Posts tagged 1884

Partial Cross-Section of Adult Skull
Displaying the divisions of the ear and naso-pharyngeal cavity. As you can see, even though the skull has some pretty well-defined zones and areas, everything is a lot more inter-connected than most of us learn about in grade school. The close connection between the ear canal and throat is why, when you have a sore throat, many times earaches come along with it, and why when you have a sinus headache, the ears often feel “plugged up”. 
A Practical Treatise on the Diseases of the Ear Including a Sketch of Aural Anatomy and Physiology. D. B. St. John Roosa, 1884.

Partial Cross-Section of Adult Skull

Displaying the divisions of the ear and naso-pharyngeal cavity. As you can see, even though the skull has some pretty well-defined zones and areas, everything is a lot more inter-connected than most of us learn about in grade school. The close connection between the ear canal and throat is why, when you have a sore throat, many times earaches come along with it, and why when you have a sinus headache, the ears often feel “plugged up”. 

A Practical Treatise on the Diseases of the Ear Including a Sketch of Aural Anatomy and Physiology. D. B. St. John Roosa, 1884.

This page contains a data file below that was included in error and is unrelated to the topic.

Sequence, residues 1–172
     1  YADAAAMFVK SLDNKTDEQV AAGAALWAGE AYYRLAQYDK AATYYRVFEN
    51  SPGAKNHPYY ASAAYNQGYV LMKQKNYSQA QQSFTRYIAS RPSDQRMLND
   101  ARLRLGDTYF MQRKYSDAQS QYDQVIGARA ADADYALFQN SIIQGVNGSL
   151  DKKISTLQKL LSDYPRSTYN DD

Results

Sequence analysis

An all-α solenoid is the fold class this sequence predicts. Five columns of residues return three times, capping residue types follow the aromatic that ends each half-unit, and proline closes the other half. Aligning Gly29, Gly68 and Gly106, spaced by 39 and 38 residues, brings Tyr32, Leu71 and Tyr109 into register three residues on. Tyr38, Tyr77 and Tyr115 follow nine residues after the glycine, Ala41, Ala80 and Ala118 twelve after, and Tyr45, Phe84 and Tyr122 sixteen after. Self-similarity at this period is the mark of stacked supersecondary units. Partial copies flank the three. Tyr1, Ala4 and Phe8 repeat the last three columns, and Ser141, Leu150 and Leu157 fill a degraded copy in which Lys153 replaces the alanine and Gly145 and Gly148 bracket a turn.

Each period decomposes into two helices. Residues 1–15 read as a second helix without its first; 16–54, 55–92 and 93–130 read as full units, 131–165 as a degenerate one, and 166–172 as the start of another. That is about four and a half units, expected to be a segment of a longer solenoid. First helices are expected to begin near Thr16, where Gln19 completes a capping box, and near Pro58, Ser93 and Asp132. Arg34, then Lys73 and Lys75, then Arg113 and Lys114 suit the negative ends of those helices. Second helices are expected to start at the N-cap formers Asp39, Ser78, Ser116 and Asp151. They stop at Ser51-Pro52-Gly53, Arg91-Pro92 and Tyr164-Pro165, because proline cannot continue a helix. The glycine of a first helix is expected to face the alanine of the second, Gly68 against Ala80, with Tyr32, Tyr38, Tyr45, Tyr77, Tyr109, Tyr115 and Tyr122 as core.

Portions of Charles Guiteau’s brain. Guiteau assassinated US President Garfield in 1881.
Well, he shot Garfield, at the least. The shot that hit landed in one of Garfield’s lumbar vertebrae, but completely missed the spinal cord. Though he was hurting pretty bad, had the doctors just bandaged up the wound, kept it sterile (as was common practice just 10 years later), and not tried to extract the bullet, it’s very unlikely Garfield would have died from his wounds. Even for the day, the extreme “treatment” of Garfield’s wounds was seen as far more harmful than good, by both the medical community and eventually the general public.
As Guiteau opined to the judge at his trial: "The doctors are the ones who killed Garfield; I just shot him!"

Portions of Charles Guiteau’s brain. Guiteau assassinated US President Garfield in 1881.

Well, he shot Garfield, at the least. The shot that hit landed in one of Garfield’s lumbar vertebrae, but completely missed the spinal cord. Though he was hurting pretty bad, had the doctors just bandaged up the wound, kept it sterile (as was common practice just 10 years later), and not tried to extract the bullet, it’s very unlikely Garfield would have died from his wounds. Even for the day, the extreme “treatment” of Garfield’s wounds was seen as far more harmful than good, by both the medical community and eventually the general public.

As Guiteau opined to the judge at his trial: "The doctors are the ones who killed Garfield; I just shot him!"